- Sticky dividend policies, plus unpredictable fluctuations in profits and investment opportunities, mean that internally generated cash flow is sometimes more than capital expenditures and at other times less. If it is more, the firm pays off the debt or invests in marketable securities. If it is less, the firm first draws down its cash balance or sells its marketable securities, rather than reduce dividends.
- If external financing is required, firms issue the safest security first. That is, they start with debt, then possibly hybrid securities such as convertible bonds, then perhaps equity as a last resort. In addition, issue costs are least for internal funds, low for debt and highest for equity. There is also the negative signaling to the stock market associated with issuing equity, positive signaling associated with debt.
Internal funding/ financing comes from retained earnings a company has. Why do the CFOs prefer internal funding? Because it is easier to raise funding, the initial funding setup costs are almost zero because no bankers are involved. Even though internal financing is pretty easy and simple, there are reasons why it might not be preferred. One is that the risk transfer of losses still stays with the company.
External financing can be of two types. By taking the requisite budget as a loan or selling a part of the company’s share as equity. There is an entire discussion on choosing an optimum capital structure that can help the company minimize the cost of capital and maximize the risk transfer. However, that discussion is out of scope for this article, which will be discussed separately in another article. Now, let us dwell on details about each type of funding.
No chief of a company would want to sell a part of their company unless deemed necessary. However, there are cases where the only way to raise money is by selling the company. Be it a failure of the company to raise money through debt, or be it the inability of a company to maintain enough portfolio to raise money through bank loans, the company can always sell a part of itself to raise money.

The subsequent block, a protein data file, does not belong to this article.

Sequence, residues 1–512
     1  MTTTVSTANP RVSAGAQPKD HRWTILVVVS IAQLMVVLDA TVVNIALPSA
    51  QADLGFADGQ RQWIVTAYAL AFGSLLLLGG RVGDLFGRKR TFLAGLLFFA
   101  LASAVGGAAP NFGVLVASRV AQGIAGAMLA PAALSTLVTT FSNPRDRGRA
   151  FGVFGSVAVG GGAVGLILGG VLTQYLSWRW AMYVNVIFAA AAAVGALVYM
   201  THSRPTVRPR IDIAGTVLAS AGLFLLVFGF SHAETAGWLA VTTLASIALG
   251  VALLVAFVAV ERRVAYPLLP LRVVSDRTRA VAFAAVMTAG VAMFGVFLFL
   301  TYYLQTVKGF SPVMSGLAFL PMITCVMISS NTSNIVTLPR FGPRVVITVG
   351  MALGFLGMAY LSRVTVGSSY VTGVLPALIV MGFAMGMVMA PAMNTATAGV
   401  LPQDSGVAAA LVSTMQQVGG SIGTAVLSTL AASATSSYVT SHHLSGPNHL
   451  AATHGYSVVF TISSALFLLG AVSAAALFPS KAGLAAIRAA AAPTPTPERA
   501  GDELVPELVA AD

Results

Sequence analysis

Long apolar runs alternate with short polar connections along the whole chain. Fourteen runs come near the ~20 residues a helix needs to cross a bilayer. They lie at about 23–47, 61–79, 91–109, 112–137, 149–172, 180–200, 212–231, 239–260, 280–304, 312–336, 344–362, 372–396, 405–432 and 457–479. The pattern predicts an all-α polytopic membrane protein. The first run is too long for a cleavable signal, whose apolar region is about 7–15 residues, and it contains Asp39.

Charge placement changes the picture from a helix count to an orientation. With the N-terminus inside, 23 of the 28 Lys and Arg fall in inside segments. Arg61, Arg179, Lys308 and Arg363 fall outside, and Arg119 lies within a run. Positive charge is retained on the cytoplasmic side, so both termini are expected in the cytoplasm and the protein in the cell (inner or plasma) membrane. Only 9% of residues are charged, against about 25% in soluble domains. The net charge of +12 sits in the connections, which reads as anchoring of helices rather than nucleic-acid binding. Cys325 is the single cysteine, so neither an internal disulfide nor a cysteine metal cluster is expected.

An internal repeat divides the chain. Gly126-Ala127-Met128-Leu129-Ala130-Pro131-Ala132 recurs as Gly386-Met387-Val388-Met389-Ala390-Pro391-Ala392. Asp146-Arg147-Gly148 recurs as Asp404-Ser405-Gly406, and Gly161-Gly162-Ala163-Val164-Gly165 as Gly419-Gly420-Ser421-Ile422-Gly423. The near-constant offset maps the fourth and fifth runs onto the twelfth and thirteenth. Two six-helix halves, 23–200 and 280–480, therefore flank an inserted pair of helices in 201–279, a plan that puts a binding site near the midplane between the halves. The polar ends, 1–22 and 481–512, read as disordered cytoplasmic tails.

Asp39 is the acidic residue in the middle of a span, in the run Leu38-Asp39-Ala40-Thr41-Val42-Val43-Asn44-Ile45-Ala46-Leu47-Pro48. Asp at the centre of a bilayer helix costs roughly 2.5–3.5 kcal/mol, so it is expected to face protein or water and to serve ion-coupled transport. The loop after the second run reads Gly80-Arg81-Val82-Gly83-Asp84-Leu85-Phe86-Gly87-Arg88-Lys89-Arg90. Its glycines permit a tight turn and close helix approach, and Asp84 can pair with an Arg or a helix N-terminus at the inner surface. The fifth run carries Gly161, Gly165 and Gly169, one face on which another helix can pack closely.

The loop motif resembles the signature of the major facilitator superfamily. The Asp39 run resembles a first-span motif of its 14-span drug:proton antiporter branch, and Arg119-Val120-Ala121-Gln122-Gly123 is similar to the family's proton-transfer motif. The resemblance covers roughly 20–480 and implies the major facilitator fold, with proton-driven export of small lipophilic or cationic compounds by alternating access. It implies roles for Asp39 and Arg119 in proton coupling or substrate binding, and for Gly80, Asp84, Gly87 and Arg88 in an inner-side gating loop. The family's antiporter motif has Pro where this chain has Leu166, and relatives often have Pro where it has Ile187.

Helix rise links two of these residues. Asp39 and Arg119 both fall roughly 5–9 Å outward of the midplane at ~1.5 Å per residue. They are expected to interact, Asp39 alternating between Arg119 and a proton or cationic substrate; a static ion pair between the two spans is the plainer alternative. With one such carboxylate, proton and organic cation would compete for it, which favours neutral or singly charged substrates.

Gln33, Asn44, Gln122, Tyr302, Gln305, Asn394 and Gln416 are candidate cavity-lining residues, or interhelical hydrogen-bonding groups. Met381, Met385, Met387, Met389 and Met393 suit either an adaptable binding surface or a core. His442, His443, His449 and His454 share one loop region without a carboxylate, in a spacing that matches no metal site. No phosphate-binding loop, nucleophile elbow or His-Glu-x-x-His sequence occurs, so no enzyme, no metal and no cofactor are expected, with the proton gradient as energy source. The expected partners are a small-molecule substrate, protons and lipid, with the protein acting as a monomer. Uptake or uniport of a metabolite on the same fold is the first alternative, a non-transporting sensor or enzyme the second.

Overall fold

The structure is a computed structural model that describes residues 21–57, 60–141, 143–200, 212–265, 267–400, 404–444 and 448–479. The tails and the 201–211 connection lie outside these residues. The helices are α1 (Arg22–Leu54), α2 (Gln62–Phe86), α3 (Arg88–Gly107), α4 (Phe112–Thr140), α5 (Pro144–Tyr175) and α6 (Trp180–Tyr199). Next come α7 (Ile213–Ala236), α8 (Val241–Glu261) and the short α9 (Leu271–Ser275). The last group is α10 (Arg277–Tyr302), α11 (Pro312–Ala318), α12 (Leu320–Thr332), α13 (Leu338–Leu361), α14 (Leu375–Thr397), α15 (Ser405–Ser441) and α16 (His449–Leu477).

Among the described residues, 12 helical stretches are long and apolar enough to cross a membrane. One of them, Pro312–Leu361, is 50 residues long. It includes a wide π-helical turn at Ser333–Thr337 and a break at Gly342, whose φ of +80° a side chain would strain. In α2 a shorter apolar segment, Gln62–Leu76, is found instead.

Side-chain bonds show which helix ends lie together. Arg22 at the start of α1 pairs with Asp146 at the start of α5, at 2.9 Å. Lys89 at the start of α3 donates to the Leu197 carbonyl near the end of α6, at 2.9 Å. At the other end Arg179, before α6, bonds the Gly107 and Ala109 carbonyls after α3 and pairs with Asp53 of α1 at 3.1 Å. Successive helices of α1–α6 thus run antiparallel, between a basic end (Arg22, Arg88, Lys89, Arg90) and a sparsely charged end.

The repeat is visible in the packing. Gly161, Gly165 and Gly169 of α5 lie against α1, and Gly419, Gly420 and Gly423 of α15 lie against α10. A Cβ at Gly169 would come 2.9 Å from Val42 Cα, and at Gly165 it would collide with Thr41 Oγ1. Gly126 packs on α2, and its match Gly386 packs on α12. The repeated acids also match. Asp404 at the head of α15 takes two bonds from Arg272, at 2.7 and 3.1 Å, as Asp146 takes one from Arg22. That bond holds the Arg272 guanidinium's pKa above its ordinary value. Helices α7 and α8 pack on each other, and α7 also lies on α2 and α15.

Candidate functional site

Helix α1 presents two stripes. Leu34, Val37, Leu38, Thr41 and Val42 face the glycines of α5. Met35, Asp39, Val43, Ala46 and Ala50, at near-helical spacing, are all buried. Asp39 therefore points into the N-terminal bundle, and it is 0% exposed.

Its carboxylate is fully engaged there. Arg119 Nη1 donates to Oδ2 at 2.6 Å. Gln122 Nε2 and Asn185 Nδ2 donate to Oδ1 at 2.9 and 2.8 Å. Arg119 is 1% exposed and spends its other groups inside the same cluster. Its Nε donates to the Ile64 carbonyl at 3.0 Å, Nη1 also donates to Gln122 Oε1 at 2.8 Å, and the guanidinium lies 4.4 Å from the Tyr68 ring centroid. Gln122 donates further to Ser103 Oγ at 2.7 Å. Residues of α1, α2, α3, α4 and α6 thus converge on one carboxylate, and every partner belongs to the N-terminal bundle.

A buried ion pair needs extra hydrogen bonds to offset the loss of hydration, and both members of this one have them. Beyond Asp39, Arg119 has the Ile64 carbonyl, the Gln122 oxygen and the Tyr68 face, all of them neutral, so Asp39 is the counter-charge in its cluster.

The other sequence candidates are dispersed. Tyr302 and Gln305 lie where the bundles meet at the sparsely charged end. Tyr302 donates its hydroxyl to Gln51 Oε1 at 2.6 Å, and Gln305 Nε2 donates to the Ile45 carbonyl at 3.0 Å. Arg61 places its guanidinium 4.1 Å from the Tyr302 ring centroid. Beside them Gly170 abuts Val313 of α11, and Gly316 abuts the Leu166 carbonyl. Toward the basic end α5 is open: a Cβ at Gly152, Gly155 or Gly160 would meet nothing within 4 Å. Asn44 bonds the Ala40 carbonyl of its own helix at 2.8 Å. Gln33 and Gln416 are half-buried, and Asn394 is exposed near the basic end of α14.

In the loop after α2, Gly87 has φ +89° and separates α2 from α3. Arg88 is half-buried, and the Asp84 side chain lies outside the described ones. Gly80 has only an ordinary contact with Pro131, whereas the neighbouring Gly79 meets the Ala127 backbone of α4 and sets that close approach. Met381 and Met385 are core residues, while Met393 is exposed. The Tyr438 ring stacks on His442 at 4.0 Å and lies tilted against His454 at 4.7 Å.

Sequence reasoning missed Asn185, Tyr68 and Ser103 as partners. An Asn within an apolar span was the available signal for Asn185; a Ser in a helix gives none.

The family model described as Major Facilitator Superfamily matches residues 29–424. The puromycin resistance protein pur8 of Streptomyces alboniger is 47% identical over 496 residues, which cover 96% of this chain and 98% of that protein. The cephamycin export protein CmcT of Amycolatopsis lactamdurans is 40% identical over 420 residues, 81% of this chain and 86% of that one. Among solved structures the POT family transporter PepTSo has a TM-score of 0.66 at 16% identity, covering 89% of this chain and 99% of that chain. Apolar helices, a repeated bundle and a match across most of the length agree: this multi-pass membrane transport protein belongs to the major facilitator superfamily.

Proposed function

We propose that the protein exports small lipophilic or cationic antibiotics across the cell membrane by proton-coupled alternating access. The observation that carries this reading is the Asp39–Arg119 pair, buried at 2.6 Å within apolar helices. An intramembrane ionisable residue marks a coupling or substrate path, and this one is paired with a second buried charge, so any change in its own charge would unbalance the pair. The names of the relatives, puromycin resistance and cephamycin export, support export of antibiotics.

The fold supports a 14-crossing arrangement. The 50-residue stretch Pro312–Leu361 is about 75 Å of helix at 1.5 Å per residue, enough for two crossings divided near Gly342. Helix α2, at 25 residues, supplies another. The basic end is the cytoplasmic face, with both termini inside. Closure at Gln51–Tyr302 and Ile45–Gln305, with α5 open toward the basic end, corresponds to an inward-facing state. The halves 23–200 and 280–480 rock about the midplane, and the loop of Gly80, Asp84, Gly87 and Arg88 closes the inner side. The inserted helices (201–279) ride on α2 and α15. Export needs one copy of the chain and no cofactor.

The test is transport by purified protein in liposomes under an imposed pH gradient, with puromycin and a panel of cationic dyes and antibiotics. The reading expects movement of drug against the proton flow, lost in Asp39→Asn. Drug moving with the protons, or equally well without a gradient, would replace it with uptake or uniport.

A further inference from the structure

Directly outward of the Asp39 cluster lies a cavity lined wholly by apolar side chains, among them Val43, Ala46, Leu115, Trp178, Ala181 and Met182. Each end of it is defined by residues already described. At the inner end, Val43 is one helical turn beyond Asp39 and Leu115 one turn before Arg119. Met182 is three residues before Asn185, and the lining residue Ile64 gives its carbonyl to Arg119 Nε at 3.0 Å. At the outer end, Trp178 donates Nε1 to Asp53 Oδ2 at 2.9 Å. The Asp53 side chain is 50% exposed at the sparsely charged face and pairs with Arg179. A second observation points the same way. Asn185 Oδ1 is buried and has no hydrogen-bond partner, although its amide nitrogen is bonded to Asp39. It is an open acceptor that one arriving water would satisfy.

One great advantage of equity financing is that it is not risky. It is completely dependent on the buyer to own a share of the company, and the risk transfer is a hundred percent in this case. The company has no obligation to pay the shareholder anything.
POT says that the order in which the company tries to raise funding is:
Internal Financing -> Debt -> Equity.
As the name says, debt funding is where the company raises the required amount through a loan either by selling bonds if the company wants to raise loans in a tradeable market or by pledging assets if the company wants to raise loans through the banking system. Each of these ways has its own merits and demerits on how to raise a loan. Raising through markets will give the company to choose their interest rates and price their bonds accordingly.
The company will also have the flexibility to buy back the bonds if it wants to or create a bond structure that supports its operational structure. However, bonds are not ideal if the company wants to ensure the funding. Many things could go against the company while raising money from bonds. However, even though it is a bit expensive and the company has to pledge assets, raising money through bank loans guarantees that the money will be raised.